Mathieu DaubinChief Underwriting Officer, Marine for AXA XL in APAC & Europe
September 8, 2021
As with many sectors of the worldwide economy, the need to reduce CO2 emissions is one of the most important challenges facing the global marine shipping industry. As members of the marine insurance industry gather – virtually – for their annual conference this month, the topic of reducing greenhouse gas emissions, and how risk transfer can help enable this change, is top of the agenda.
Shipping plays a huge role in the global economy – about 80% of the volume of international trade in goods is moved via the sea. Marine transport accounts for roughly 2.5% to 3% of the world’s greenhouse gas emissions, according to estimates from the European Union and other expert bodies.
Both within the shipping sector and on the global political stage, steps are being taken to find ways to reduce these emissions.
During the upcoming COP26 climate talks to be held in Glasgow, Scotland, in November the shipping industry will hold an event to discuss the challenges the industry faces in moving towards carbon neutrality. At the event, “Shaping the Future of Shipping,” industry leaders and international climate experts will meet to discuss the challenges that the industry faces in moving towards carbon neutrality.
The European Commission has set an ambitious target to achieve carbon neutrality within the EU by 2050 and an intermediate target of a reduction in greenhouse gas emissions of at least 55% by 2030. As part of its drive to meet these targets, the European Commission recently turned its attention to shipping.
In July, the European Commission adopted a series of legislative proposals setting out how it intends to meet these targets. One of those proposals is that shipping be added to the EU carbon market, the Emissions Trading System. The ETS, from which shipping has previously been exempt, requires polluters to pay for each tonne of CO2 they generate. The ETS already applies to other industries such as power firms, manufacturers and aviation, and the European Commission now proposes that shipping be phased into the scheme over a three-year period. The ETS would apply to emissions from sea voyages within the EU as well as to 50% of ships’ emissions from international voyages starting or ending in the EU and to emissions that occur when ships are berthed in EU ports.
The proposal has been met with some reservations by the International Chamber of Shipping whose Secretary General Guy Platten has suggested that the ETS would cover just 7.5% of shipping’s global emissions and that a levy might be a more effective way to reduce CO2 emissions. But while the European Commission’s proposal will take several years to be ratified by member states and the European Parliament, it seems clear that the industry must bear in mind the likelihood that it will be mandated to take part in the ETS in the not-too-distant future.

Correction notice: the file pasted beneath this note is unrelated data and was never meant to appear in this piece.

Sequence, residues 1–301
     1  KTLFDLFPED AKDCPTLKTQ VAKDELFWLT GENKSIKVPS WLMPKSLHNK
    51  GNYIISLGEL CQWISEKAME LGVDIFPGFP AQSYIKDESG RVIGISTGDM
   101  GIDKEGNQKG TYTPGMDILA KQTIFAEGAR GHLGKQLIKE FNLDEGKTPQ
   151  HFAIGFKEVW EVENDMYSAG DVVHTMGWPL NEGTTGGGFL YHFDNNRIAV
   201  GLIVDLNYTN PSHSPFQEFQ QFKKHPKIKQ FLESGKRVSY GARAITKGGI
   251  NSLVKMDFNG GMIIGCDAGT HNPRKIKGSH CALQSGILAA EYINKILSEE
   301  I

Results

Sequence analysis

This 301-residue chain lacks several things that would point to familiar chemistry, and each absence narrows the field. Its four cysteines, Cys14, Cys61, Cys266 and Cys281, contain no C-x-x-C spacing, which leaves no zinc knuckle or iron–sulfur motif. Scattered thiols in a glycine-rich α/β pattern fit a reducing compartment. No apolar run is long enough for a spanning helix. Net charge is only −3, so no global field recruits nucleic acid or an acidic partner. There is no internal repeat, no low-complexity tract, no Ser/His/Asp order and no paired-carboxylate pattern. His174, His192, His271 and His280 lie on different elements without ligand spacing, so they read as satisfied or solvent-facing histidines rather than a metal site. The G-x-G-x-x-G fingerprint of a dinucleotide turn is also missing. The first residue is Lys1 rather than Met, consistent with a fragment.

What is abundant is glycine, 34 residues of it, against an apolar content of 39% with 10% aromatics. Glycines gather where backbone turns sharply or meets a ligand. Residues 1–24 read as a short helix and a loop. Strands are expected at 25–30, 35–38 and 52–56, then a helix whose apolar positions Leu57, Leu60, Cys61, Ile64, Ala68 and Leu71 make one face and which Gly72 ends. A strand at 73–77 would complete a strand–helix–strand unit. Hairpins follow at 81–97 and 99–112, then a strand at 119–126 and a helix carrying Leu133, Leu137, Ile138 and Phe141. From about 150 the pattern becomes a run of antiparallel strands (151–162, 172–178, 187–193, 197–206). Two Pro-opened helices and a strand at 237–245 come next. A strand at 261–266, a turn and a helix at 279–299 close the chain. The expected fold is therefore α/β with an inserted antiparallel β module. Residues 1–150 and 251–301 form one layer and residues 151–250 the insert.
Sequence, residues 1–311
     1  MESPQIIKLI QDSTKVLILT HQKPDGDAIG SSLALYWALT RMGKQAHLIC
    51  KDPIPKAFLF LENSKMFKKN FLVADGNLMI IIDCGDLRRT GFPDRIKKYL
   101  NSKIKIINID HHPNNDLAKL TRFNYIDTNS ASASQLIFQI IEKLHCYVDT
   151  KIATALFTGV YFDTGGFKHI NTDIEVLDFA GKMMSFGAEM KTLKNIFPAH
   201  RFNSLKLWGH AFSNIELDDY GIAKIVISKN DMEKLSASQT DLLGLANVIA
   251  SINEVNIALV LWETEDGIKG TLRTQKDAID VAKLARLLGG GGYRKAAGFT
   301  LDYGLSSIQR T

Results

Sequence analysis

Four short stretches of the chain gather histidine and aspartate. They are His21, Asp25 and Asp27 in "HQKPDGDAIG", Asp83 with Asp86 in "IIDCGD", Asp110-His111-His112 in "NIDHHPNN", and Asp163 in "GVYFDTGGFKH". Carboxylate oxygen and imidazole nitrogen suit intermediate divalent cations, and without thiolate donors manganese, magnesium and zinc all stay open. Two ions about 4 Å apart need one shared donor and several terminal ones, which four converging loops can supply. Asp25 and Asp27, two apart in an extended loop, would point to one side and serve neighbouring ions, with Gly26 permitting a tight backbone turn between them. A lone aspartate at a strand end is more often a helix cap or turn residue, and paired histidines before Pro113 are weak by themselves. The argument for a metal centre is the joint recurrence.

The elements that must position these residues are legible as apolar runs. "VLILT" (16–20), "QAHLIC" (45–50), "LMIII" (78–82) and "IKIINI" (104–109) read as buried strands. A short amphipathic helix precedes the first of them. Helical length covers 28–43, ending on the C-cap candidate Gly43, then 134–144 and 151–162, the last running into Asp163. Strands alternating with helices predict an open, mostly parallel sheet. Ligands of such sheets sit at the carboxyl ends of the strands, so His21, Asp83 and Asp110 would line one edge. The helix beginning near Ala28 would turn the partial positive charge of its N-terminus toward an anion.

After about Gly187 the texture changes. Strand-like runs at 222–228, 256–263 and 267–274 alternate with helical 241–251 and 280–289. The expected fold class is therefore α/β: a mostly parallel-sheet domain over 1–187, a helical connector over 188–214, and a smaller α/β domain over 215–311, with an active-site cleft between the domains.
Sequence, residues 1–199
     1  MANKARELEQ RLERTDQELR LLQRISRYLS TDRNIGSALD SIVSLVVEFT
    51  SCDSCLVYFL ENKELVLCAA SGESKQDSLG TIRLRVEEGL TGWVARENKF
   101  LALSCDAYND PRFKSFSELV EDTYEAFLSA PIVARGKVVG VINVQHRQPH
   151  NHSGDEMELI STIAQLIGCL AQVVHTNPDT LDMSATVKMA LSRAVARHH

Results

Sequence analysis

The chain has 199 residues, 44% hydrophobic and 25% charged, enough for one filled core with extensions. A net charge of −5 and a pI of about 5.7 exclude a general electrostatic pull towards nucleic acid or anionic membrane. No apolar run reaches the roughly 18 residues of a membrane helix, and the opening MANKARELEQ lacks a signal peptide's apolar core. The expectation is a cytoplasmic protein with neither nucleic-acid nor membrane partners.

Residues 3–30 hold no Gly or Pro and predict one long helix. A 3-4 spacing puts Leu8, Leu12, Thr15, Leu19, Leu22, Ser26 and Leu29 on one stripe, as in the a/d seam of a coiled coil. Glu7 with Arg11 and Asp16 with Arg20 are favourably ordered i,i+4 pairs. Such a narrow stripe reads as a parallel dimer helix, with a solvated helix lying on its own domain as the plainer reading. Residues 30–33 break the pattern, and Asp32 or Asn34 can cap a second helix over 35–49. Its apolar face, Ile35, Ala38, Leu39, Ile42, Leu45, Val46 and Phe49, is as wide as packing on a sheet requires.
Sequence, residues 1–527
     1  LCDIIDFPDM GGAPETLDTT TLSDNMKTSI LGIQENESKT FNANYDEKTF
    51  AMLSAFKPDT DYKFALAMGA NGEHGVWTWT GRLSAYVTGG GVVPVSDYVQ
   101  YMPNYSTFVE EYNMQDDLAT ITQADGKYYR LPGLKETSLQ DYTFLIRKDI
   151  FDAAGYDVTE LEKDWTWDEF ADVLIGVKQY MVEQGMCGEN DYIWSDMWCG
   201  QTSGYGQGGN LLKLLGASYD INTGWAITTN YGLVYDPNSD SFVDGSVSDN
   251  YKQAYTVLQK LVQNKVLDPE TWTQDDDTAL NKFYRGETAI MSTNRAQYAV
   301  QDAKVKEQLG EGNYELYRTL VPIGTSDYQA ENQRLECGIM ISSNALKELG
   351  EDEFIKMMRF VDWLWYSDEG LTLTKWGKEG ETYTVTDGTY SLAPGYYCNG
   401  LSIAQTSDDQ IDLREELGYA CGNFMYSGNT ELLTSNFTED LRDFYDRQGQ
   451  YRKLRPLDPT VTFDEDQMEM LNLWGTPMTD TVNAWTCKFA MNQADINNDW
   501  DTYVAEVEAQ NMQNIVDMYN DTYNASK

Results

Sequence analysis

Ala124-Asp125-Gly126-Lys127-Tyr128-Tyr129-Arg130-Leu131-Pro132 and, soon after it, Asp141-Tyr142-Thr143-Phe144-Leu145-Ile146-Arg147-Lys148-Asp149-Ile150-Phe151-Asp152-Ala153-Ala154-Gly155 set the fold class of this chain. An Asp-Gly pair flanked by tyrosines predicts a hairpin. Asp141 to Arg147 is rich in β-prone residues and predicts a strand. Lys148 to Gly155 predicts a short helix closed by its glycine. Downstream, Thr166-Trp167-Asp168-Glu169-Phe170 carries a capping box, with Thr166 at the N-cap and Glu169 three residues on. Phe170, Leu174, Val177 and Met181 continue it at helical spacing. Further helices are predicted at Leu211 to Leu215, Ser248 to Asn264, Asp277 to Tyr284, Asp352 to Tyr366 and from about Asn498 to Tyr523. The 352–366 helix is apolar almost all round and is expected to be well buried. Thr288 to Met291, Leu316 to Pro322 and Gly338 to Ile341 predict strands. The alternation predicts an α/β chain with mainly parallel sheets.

As well as planning for international and political initiatives to reduce greenhouse gas emissions, shipping companies, like many others, are facing a challenge from their own stakeholders to find ways to meet sustainability targets.
In recent weeks, global shipping giant Maersk has announced a $1.4 billion investment in eight new carbon-neutral container vessels, for example. Maersk said that the first of these new vessels would begin operating in the first quarter of 2024 and that the vessels would replace older ships resulting in CO2 savings of about 1 million tonnes.
Maersk said the move was part of its collaboration with its customers who have pledged to reduce the emissions occurring in their supply chains; of its 200 largest customers, Maersk noted, more than half have set ambitious science-based or carbon-neutral targets for their supply chains.
The new vessels will run on carbon-neutral e-methanol or sustainable bio-methanol. In a statement announcing the new vessels, Maersk highlighted sourcing sufficient quantities of these fuel types as a potential challenge and said it would work with industry to find ways to ensure there is enough fuel available.
The insurance industry will have a vital role to play in helping shipping clients move towards their goals of reducing greenhouse gas emissions. Risk engineering insight into the design of vessels capable of new fuel types is one such area. If underwriter and risk engineers are able to assess data on these new vessels then it will be possible to create risk transfer solutions that are appropriate for the changed risk profile of these ships, for example.
More broadly, we believe that the marine insurance industry is in a unique position to help shipping clients to disclose and benchmark emissions and find ways to meet reduction targets. The insurance industry has hundreds of years of experience in insuring ships, coupled with access to climate risk information, data and tools, risk engineering insight and modelling expertise.
Gatherings such as the IUMI conference give our industry the opportunity to discuss the challenges facing the marine shipping industry in meeting emissions and sustainability targets and the ways in which the international marine insurance market can help clients move towards those goals.
While I am disappointed not to be travelling to Seoul for an in-person conference, I am excited about the opportunity that the virtual conference will give us to workshop ideas and engage in discussions about what is one of the most important issues of our times.